What Happens to the Money in Your Flex Spending Account if You Don’t Spend It?

Ask your boss.

Man balancing checkbook.
Where does your leftover FSA money go?

It’s the time of year for stocking up on eyeglasses, prescription meds, or any other excuse to empty out your flex spending account. According to a 1978 law, the IRS allows employees of participating companies to set aside pretax income for medical expenses throughout the calendar year. But if you don’t spend the money in time, it goes away. Where, exactly, does it go?

It’s up to your boss. One-third of employees end up with some leftover cash in their accounts, and employers have a few choices for what they can do with it. They can donate the money to charity, split it up among the workers who are participating in your health plan, or use it to offset the costs of administering the program. Under no circumstances can your boss give your unused money back to you. (That would invalidate the fund’s tax-exempt status.) According to IRS rules, a business can also give its employees a 2½-month grace period for spending the dollars that were set aside. But this is strictly optional, and not every employer is so generous.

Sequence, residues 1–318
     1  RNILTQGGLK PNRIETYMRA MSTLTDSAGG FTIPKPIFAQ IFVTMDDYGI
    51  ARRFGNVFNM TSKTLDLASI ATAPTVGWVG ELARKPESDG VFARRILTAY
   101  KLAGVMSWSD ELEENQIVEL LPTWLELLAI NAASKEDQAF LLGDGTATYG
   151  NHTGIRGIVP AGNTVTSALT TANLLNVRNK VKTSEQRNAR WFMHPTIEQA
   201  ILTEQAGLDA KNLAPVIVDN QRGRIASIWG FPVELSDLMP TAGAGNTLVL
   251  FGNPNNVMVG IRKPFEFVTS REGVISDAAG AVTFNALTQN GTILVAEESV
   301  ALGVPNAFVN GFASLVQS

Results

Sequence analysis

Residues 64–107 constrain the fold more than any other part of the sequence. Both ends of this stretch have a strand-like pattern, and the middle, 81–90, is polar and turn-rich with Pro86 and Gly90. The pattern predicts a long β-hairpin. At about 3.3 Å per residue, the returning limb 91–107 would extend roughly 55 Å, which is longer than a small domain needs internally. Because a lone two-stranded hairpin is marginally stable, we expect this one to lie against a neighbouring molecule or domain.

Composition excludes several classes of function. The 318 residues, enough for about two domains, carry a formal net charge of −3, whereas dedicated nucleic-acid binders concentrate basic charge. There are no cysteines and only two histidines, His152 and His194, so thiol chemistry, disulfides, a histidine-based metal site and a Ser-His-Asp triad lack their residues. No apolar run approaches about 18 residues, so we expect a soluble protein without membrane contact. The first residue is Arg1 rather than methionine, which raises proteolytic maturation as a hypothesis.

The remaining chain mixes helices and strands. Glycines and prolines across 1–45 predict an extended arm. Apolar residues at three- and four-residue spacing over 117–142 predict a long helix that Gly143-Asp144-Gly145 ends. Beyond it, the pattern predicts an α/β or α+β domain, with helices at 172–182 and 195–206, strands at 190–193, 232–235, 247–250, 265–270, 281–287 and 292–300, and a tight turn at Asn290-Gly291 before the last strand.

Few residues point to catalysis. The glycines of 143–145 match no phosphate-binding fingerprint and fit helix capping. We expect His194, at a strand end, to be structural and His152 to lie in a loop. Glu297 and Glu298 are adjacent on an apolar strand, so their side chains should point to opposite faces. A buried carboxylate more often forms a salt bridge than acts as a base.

Unions have long argued that businesses shouldn’t be allowed to keep the unspent funds, since they, too, realize a tax benefit from the program. Just as a worker is exempt from paying income tax on health-savings or flex-spending money, so, too, are employers exempt from Social Security and Medicare taxes. The employers counter that they need the end-of-year cash for expenses: Many hire third-party companies to keep track of paperwork and send out flex-spending debit cards. (This costs between $70 and $120 for each employee per year.) When all is said and done, a company might lose money on its flex-spending program or it might turn a profit off the tax-savings—it all depends on the size of the business and how much money each worker squirrels away.

There’s some irony in the end-of-year rush to blow flex-spending funds, since some early advocates for the program thought it would prevent medical shopping sprees. In the late 1970s, policymakers began to worry that generous health insurance plans were encouraging overuse of the health care system, driving up demand and prices. So they devised the tax-free accounts as a way to wean consumers off luxurious benefits.

While the accounts never did much to rein in spending, the situation only got worse when the IRS imposed the use-it-or-lose-it rule in 1983. (Some felt that high-income employees were using the plans to shield large amounts of income from Uncle Sam.) Today, most experts agree that the accounts only increase the cost of health care.

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